Employee Plans Compliance Unit (EPCU) - Completed Projects - 401(k) Excess Deferrals Project
401(k) Excess Deferral Project Summary
The EPCU 401(k) Excess Deferral Project began in March of 2006 and ended in September of 2007. The project was designed to determine the extent of problems with the reporting of excessive elective deferrals in Box 12 of the Forms W-2.
401(k) elective deferrals are reported on the Form W-2. There is a limit a participant can contribute each year set by IRC section 402(g). If a participant's elective deferral exceeds the applicable limit for the tax year, the excess deferral is includible in the employee's income for the year in which it was contributed to the plan. The earnings are also taxable in the year distributed. If the distribution occurs after April 15th of the year following the year of the excess deferral, the excess is taxable in both the year of deferral and the year distributed. Also, a trust shall not constitute a qualified trust unless the plan provides that the amount of elective deferrals may not exceed the amount of the limitation in effect under IRC section 402(g).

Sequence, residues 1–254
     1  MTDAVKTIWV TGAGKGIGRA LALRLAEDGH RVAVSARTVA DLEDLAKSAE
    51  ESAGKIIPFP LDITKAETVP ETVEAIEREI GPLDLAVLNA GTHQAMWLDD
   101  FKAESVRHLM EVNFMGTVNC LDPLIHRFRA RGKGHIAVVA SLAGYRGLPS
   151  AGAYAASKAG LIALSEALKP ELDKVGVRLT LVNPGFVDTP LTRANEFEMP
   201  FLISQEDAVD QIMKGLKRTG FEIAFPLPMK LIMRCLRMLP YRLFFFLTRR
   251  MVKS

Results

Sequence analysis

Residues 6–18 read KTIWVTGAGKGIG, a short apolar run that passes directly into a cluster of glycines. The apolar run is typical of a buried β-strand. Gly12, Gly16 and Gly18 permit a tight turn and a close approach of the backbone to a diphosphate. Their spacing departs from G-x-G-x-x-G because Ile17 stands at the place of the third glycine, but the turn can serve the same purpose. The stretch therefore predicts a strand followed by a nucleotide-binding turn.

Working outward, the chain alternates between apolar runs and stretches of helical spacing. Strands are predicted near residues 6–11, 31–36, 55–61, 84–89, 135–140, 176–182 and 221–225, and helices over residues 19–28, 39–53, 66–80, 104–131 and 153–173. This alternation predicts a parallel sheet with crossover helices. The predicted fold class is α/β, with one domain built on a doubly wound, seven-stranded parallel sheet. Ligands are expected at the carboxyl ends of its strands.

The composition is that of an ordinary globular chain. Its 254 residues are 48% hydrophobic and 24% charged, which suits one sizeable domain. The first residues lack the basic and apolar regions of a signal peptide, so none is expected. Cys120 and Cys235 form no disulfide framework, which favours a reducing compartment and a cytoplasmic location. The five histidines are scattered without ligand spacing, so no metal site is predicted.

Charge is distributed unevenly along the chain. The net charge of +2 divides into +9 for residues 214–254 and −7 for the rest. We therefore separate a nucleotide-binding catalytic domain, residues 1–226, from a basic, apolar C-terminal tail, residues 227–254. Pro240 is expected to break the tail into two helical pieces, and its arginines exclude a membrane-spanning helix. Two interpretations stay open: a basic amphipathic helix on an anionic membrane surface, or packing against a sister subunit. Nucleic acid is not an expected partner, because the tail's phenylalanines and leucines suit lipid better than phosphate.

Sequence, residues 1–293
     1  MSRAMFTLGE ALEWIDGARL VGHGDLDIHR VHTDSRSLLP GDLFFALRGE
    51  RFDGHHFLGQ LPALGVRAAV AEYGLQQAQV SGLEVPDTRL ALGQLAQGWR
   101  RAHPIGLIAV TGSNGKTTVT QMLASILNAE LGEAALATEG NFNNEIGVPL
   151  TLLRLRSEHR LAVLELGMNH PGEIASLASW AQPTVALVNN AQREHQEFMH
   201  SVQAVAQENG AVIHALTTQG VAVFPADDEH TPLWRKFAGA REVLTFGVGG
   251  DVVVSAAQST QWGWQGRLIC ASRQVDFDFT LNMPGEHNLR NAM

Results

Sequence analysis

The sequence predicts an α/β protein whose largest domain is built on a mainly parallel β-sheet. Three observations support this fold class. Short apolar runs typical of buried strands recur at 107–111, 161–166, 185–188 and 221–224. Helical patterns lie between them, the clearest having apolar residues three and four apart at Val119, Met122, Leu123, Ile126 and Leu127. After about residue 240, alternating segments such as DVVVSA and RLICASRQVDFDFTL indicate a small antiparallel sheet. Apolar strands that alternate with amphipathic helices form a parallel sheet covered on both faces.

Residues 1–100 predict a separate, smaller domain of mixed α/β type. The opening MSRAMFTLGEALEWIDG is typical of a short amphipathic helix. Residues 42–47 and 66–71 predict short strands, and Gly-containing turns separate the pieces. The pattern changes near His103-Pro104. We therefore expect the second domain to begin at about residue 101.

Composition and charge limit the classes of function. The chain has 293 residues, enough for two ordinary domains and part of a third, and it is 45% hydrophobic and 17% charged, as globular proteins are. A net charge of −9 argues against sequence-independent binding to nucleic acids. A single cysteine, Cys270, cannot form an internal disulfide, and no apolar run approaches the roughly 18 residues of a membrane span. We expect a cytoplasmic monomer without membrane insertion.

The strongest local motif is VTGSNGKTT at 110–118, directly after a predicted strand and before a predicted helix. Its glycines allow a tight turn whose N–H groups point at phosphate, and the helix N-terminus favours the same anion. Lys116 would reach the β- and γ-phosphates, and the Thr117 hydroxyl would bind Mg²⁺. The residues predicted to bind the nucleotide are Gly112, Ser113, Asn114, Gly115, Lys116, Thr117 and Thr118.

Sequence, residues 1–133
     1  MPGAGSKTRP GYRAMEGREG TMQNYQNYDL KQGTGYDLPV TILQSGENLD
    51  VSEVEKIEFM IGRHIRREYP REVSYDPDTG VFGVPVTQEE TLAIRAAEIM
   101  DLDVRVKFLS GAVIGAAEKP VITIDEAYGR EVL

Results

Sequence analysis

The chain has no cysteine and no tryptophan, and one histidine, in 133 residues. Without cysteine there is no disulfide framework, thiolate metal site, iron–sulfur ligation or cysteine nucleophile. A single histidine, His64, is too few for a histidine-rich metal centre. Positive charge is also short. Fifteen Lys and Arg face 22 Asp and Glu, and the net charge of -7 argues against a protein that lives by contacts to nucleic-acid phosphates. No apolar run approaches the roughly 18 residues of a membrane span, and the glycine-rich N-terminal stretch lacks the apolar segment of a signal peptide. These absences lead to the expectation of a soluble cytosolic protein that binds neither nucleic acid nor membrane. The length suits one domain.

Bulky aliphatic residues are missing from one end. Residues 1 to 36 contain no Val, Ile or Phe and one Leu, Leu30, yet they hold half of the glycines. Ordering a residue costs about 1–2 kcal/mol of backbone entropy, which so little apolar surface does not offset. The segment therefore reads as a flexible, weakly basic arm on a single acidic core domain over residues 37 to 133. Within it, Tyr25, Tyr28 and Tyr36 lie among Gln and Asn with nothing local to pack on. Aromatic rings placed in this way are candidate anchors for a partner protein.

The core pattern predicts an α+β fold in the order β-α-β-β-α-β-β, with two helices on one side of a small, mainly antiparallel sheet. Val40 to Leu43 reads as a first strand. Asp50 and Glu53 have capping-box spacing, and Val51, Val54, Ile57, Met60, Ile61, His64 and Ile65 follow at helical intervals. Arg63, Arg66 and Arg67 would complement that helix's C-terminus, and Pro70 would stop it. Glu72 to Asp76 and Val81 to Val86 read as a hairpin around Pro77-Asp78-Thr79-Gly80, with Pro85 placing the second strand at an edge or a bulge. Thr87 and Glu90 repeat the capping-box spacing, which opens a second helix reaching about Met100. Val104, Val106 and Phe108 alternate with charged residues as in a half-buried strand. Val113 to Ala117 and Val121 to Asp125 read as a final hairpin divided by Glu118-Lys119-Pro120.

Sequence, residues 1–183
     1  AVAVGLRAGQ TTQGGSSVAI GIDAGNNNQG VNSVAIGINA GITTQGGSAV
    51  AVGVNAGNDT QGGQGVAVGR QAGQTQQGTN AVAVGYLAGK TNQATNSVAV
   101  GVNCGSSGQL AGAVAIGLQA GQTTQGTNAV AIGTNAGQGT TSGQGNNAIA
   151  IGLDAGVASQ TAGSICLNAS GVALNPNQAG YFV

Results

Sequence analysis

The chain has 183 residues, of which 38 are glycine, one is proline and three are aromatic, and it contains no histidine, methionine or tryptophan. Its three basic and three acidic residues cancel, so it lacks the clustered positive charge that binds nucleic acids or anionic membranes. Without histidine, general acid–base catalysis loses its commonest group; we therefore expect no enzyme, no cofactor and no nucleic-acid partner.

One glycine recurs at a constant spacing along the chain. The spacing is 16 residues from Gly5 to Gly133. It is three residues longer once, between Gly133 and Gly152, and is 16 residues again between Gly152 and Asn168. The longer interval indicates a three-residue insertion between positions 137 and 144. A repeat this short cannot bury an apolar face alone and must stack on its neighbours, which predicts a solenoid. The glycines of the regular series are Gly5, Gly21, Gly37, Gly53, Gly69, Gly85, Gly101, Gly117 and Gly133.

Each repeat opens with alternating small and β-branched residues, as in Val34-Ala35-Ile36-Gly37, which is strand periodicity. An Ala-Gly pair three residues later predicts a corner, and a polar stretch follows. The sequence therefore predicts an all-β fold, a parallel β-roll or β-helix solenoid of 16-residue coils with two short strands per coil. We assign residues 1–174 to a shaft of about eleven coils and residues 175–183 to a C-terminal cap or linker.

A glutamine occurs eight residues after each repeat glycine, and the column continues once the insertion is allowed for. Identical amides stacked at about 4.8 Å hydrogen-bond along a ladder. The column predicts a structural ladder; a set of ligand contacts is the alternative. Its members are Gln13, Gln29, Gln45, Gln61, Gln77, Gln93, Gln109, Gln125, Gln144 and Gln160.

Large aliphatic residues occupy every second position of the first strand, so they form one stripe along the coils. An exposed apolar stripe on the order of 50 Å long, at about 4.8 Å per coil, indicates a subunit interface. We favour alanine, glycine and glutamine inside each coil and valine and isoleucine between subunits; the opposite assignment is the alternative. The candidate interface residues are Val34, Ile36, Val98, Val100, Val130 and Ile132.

The project was designed to:
1) Identify Form W-2 reporting errors
2) Determine the causes of the reporting errors
3) Obtain correction
4) Identify trends
The Project goal was also to identify participants with excessive elective deferrals and bring them back into compliance. This also involved reviewing the plan’s operation to ensure future elective deferrals were not excessive.
Results of the 401(k) Excess Deferral Project
75% of the employers contacted in this project filed over 26,000 Forms W-2C to correct an incorrect entry. In addition, most of these employers became aware of software and/or data transmission problems and took action to fix those problems for future Form W-2 filings.
Issues included 403(b) or 457 amounts on the Form W-2 coded as a 401(k) elective deferral, other amounts (most commonly non-qualified plan amounts) on the Form W-2 coded as a 401(k) elective deferral, instances where data became corrupted as it moved back and forth from the employer and their third party payroll vendor, where payroll software classified section 403(b) and 457 amounts as 401(k) elective deferrals, and elective deferrals that were excessive and required a distribution to each affected participant along with the filing of Forms 1099-R.